Thursday, October 15, 2009

California Laws Get Tough on Mortgage Finance

California Governor Arnold Schwarzenegger signed seven new mortgage finance bills in to law on Monday, most of which crack down on fraud and set new requirements and restrictions for mortgage and reverse mortgage originators. Yesterday posted an in depth article describing each bill and their intended purposes. Check out their list below.

Senate Bill (SB) 36 regulates the licensing requirements for residential loan originators in compliance with the federal Secure and Fair Enforcement for Mortgage Licensing (SAFE) Act.

SB 237 requires appraisal management companies (AMCs) and appraisers register with the Office of Real Estate Appraisers and subjects appraisers to the provisions of the Real Estate Appraisers’ Licensing and Certification Law.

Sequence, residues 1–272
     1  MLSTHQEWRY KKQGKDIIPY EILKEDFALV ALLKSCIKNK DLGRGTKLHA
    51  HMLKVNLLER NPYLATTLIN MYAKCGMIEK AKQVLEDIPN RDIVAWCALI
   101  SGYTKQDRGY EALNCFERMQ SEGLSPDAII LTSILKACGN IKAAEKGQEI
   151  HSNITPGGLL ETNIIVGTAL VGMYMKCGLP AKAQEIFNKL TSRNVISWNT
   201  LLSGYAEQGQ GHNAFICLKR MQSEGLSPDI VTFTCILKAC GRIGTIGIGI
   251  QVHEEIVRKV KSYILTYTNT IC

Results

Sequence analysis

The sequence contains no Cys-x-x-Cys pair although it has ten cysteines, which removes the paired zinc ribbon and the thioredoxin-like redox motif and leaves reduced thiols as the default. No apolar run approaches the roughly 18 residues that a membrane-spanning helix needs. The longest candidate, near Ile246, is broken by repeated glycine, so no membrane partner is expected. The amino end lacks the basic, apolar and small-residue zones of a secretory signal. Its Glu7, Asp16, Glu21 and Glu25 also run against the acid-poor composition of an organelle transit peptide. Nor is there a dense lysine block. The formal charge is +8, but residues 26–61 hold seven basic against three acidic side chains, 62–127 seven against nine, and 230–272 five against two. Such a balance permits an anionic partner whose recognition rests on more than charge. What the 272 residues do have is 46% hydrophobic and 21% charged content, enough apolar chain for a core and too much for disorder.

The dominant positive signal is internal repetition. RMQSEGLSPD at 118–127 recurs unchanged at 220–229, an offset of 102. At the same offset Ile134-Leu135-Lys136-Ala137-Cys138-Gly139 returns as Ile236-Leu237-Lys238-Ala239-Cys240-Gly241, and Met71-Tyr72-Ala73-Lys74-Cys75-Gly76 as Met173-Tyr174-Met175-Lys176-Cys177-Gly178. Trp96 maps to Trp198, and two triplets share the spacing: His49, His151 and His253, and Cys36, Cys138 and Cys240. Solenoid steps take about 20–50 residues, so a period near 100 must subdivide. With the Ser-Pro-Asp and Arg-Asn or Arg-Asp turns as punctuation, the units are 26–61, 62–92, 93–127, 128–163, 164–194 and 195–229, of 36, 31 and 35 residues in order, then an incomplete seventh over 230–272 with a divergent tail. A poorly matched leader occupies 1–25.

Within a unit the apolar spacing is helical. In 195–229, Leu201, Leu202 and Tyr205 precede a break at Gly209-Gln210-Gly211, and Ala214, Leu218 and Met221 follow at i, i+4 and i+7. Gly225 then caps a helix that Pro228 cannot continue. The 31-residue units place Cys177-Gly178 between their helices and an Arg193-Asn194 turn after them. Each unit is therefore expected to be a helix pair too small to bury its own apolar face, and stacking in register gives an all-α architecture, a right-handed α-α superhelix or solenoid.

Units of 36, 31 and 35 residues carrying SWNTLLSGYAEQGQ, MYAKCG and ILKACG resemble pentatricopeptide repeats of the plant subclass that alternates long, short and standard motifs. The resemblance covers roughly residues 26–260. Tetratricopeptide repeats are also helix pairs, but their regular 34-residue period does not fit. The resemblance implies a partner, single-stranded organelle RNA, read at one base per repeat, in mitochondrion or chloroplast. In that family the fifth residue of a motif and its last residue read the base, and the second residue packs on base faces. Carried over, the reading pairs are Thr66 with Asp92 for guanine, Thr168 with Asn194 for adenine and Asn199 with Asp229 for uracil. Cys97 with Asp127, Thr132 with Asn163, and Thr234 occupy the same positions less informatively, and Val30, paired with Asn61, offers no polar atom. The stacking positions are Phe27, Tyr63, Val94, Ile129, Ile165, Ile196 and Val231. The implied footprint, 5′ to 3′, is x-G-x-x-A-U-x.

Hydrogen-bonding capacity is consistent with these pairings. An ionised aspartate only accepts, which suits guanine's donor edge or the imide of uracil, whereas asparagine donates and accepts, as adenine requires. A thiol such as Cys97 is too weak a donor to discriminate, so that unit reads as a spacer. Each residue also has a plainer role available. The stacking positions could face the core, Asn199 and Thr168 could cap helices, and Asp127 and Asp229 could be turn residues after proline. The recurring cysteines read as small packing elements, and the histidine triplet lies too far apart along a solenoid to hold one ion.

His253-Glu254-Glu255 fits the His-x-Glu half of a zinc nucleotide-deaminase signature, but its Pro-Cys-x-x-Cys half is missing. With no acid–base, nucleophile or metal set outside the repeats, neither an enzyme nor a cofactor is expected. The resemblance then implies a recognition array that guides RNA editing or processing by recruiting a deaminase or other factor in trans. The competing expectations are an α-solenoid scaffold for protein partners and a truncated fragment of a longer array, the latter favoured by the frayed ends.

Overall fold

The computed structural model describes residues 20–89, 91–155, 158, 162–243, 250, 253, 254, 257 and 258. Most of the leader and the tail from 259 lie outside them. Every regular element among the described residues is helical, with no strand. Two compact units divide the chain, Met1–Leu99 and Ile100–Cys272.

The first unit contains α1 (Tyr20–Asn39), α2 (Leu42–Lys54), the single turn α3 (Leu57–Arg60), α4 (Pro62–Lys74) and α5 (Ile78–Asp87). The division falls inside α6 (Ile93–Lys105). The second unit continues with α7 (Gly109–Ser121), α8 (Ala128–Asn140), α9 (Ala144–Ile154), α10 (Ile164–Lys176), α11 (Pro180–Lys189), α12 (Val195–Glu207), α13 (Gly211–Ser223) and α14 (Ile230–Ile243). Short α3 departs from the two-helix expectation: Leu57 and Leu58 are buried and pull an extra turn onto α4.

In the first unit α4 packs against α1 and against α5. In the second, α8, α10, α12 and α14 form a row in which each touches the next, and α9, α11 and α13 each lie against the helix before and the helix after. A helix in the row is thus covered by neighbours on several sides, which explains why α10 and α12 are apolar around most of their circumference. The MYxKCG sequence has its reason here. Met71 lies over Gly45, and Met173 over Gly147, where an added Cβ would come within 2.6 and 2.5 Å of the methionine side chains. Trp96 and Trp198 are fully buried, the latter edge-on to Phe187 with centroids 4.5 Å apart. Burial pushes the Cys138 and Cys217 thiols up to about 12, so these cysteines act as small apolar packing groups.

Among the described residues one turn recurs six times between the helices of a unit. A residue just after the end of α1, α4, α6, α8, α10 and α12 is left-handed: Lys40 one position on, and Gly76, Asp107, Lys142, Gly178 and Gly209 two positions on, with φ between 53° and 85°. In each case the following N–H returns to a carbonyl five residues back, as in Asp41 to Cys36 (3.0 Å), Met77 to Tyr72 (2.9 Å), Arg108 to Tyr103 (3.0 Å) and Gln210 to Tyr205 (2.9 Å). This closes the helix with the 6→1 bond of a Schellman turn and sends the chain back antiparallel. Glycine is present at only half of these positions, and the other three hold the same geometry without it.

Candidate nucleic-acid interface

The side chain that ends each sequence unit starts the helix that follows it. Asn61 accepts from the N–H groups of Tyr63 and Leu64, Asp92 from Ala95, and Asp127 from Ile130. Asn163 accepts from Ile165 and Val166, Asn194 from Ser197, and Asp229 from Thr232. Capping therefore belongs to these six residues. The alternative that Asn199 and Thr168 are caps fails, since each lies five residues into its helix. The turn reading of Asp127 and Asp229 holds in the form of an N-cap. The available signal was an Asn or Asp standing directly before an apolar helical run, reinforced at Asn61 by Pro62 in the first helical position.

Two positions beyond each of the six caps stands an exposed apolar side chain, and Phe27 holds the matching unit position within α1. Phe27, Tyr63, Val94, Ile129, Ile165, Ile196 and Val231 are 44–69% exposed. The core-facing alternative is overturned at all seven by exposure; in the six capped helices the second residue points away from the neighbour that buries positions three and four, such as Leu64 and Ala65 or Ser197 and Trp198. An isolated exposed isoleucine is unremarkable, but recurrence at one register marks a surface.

SB 239 raises the crime of mortgage fraud from a misdemeanor to a felony and makes it easier for prosecutors to obtain fraudulent loan documents to investigate cases.

Assembly Bill (AB) 260 places restrictions on subprime loans and prohibits originators from “steering” borrowers, or encouraging borrowers to buy riskier loan products when they are eligible for affordable products. It also gives state regulatory agencies the authority to suspend or revoke the licenses of real estate lenders and mortgage brokers that violate the state’s lending laws.

AB 329 sets guidelines for reverse mortgages originated for elderly borrowers — those over 65 years old — requiring specific disclosures and offering counseling service referrals. Originators are also prohibited from selling other financial products to a reverse mortgage borrower.

AB 957 gives the buyers of foreclosed property the right to choose local escrow officers to complete transactions. It prohibits the seller of a residential property from requiring the buyer to use an escrow service company or purchase title insurance chosen by the seller.

AB 1160 requires originators to provide borrowers with a mortgage summary document translated in the language the contract was verbally negotiated.

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